Monday saw another early start as we piled ourselves and our gear into the truck and vans, then headed down the Cordillera Oriental (western range) as the rivers flow to the sea. Our particular river was the Rio Blanco, which we intercepted in the rain forest a couple of hours west, and several thousand feet below Quito. Kevin had contracted with a rafting company to conduct the next portion of our odyssey. After fitting into life jackets and donning helmets and listening to a briefing on safety and basic river commands (basically five: Forward, Back, Back Left, Back Right and (my favorite) Break), we piled onto rubber boats, six to a raft plus captain, and were summarily swept downstream. The guides said we would be encountering Class 3 rapids. That sounded fine to me. What they didn't say was that we would be encountering little else, particularly stretches of calm water. Within minutes we were entirely soaked, a condition that didn't improve with time. It was a fun ride, but so active that there was too little quiet time to observe the rain forest through which we were rapidly conveyed. After an arm- wearying four hours we pulled ashore to camp. By this time it had started to rain. There was no dry wood for a fire. So, anticipating a damp night on a cold ground, I stood absolutely immobile for about thirty minutes until by great mental effort I willed my body to rid itself of the wet clothes and find some measure of snugness in my assigned tent, from which I didn't emerge until dawn, a damp dawn to no one's surprise.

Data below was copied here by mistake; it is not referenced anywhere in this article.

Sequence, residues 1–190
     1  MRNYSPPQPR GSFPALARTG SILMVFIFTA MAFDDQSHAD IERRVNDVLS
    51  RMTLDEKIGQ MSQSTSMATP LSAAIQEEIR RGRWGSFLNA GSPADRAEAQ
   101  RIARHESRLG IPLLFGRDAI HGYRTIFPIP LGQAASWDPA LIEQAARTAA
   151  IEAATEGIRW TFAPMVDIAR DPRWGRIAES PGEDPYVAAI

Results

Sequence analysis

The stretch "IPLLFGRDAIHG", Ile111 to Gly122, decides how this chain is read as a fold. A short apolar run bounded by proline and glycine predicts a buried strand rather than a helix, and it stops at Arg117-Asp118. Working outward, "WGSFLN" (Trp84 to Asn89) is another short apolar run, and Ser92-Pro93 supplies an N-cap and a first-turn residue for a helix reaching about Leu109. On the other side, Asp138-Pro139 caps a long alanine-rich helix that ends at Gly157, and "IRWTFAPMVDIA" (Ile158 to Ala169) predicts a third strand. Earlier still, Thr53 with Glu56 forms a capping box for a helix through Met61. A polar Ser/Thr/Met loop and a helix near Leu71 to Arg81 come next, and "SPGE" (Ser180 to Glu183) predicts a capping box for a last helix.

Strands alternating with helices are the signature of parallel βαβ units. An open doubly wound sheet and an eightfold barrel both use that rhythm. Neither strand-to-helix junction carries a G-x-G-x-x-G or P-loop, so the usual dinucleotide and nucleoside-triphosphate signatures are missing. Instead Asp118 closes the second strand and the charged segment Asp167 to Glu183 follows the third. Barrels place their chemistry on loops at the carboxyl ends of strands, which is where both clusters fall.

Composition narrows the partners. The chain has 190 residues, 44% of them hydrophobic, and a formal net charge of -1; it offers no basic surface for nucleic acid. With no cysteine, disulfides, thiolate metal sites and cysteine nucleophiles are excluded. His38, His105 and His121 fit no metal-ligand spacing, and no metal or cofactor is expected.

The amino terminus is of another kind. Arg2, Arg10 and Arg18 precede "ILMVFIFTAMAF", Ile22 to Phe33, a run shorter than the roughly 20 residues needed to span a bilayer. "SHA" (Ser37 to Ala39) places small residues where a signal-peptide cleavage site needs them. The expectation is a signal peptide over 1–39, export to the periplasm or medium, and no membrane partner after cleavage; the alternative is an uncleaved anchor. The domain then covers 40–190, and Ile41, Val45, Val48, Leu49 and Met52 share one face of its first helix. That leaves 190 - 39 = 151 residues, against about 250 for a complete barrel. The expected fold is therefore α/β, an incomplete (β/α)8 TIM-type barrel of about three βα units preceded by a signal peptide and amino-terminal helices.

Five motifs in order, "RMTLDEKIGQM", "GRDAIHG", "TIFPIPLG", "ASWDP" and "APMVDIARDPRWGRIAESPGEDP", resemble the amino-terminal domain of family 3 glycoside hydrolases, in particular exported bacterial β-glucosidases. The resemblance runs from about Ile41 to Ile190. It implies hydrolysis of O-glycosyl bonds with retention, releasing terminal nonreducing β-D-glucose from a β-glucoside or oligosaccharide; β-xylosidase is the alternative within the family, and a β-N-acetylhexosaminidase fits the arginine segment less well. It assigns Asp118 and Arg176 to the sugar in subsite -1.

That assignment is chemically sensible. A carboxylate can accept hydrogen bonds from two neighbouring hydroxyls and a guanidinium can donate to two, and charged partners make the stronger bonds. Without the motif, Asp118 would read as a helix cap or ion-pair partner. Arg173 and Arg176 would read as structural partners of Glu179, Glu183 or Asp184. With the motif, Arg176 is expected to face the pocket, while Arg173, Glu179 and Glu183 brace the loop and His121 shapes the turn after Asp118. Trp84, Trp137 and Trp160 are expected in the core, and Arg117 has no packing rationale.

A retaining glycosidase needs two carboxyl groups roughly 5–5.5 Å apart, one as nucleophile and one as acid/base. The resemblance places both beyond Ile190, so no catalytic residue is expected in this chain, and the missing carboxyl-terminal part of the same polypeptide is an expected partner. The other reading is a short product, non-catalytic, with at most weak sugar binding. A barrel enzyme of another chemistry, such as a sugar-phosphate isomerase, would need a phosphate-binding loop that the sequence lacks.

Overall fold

The rain had lasted all night and as a result the river was now a meter or more higher than when seen last. The hardest part of the voyage was getting back into yesterday's wet clothes; but it was useless to sacrifice my dry ones. Within minutes we were drenched anew. And the rapids were bigger. Probably still class 3, but now definitely BIG class 3. About midday, our boat captain, who was otherwise faultless, misjudged the current and sent us sideways into a "hole". By now our veteran crew was so experienced that when he yelled "Highside!" we immediately complied by piling onto the downstream side of the raft. This is a technique employed to keep the raft from flipping over. In that regard it was successful; what it didn't prevent was me and three others from being catapulted overboard. It happened so fast that the first thing I was aware of was being underwater as the raft passed over me. When I popped to the surface I was next to Juan. Unfortunately neither of us was next to the boat which was now several hundred feet down river and approaching the next rapid. With little need of encouragement from our skipper yelling "Swim!", we made it back to the boat and were hauled aboard in time to face the next cascade. Naturally, river rats that we were by now, no one had let go of their paddle. So we splashed and crashed along. Late in the day a similar fate overtook the raft ahead of us, except this time everybody including their captain fell overboard; this is known in rafting parlance as "clean rubber". This is not good because it is extremely difficult to get back into the raft without someone inside helping you. Immediately our fearless skipper sprung into action, maneuvering our boat against theirs in the maelstrom, then leaping aboard and hauling out its soggy crew right and left. He was amazingly agile; throughout the trip he had stood in the stern bouncing into the air as the boat accordioned over waves. At the moment my appreciation of his heroics was tempered only slightly by the knowledge that now we had no one at the helm to guide us through the raging current. But a moment later he bounded back to us and the trip ended without further submersion. The river coughed us up and our faithful vans awaited us with dry clothes. Seven hours later, over some of the roughest roads ever to be called paved, we arrived at the coastal town of Crucita.